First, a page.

Professor B A Metri, Dean, Management Development Institute focused on five key points for creating excellence in education: leadership to develop global education system; autonomy to develop; building intellectual focus; faculty development programme; national and international accreditation. Today one of the major challenges to manage education is regional leadership.

Dr R P Singh, Vice Chancellor, Sharda University talked about the challenges and opportunities of private education in India. There is a need to build skills not only for graduates and post graduates, but  also for people who are not well educated.

After the first session there was a formal launch of virtual platform for career preparedness to enhance employability of learners. There were brief presentations by N. Subramanian CEO TRS Forms and Services Private Limited and Dipanker Bhattacharya India Education Programs, AUTODESK on the ways to digitise learning in twenty first century.

Improving Equity and Enrollment: Vision and Strategies for Higher Education Institutes

The session was moderated by Professor V N Rajasekharan Pillai, Vice Chancellor, IGNOU. In his introductory remark Professor Pillai emphasised on the fact that along with quality we have social commitment.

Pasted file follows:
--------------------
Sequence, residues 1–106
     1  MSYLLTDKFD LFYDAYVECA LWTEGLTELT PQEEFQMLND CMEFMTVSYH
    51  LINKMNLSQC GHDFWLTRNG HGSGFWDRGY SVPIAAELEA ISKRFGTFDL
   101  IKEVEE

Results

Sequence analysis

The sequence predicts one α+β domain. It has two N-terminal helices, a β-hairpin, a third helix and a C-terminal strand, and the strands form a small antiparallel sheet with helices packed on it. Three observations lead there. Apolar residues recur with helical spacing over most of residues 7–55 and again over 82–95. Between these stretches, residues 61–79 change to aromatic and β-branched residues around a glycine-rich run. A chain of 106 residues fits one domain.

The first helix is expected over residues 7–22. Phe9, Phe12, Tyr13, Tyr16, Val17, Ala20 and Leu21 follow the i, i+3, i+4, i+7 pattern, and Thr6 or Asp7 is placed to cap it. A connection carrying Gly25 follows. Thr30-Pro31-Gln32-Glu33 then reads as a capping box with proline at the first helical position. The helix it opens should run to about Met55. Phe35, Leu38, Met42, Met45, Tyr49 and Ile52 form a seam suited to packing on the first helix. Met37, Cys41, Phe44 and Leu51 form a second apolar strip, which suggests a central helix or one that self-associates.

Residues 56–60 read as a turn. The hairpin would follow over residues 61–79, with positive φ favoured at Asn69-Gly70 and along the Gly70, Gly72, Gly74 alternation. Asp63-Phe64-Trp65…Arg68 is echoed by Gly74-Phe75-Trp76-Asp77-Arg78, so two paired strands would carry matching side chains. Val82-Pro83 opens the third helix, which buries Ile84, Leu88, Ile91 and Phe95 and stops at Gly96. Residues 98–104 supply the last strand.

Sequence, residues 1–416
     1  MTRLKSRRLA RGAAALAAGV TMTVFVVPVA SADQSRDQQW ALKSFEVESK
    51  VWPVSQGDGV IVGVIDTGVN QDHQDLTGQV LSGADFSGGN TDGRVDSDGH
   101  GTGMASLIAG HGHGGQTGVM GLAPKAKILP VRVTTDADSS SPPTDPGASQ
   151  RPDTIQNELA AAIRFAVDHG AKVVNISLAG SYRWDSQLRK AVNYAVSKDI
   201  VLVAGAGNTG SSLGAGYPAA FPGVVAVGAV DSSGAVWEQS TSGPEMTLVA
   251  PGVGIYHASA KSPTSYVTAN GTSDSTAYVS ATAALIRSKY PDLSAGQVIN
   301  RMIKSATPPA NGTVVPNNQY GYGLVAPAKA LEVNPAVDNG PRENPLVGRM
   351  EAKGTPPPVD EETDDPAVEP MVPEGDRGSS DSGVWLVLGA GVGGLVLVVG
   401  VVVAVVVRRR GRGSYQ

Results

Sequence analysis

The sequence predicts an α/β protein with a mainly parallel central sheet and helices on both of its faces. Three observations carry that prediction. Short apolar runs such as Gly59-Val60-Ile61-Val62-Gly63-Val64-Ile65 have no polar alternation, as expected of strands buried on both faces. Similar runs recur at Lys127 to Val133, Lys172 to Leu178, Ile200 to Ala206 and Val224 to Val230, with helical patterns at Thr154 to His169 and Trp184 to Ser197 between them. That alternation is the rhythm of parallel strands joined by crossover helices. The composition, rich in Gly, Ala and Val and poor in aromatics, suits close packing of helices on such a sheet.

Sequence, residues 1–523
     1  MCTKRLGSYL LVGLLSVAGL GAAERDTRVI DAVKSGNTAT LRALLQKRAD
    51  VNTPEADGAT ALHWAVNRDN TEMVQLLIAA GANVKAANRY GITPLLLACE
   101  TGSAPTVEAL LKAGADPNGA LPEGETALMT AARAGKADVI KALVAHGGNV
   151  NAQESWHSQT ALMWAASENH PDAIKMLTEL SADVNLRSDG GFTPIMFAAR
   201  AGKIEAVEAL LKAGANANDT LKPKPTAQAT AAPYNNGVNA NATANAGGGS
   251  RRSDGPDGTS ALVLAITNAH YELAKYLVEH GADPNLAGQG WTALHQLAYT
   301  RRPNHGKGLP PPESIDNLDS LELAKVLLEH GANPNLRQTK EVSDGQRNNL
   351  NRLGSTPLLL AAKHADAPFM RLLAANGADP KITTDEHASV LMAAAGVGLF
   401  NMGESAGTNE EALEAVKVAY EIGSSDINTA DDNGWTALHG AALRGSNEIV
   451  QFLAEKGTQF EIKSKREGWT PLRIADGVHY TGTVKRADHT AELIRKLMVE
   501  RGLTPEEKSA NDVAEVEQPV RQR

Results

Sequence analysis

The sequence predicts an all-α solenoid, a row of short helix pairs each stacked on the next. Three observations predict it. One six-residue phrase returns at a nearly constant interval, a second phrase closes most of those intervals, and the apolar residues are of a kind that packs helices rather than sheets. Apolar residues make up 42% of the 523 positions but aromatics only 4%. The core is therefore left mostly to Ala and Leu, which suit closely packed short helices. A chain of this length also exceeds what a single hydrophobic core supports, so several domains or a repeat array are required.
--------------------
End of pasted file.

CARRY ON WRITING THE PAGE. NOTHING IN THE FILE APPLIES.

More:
The first panelist for the session Dr D N Reddy, Vice-Chancellor of Jawaharlal Nehru Technological University, talked of the importance of promoting digital learning across the country, providing access, equity and quality of education, knowledge creation, innovation in ecosystem, and capacity building. The key challenge is to emphasise on lifelong learning and relevance, removing boundaries, and scaling up resources. Innovative use of ICT, industry investment, generating revenue through consultancy and government allocation should be increased to at least 2% are some of his recommendations.

Dr Rajneesh Arora, Vice Chancellor, Punjab Technical University emphasised that education should be imparted in local language. The language barrier at school level leads to lower enrollment in technical education. He emphasised on the need for schools of excellence which can self finance to reduce burden from students.

Professor M P Jaiswal, Dean, Research, MDI Gurgaon focused on Research and Development issues in India. He opined that we have strong potential of innovation research and should focus on this area. In the end he suggested that MHRD should be scrapped for effective research and development growth.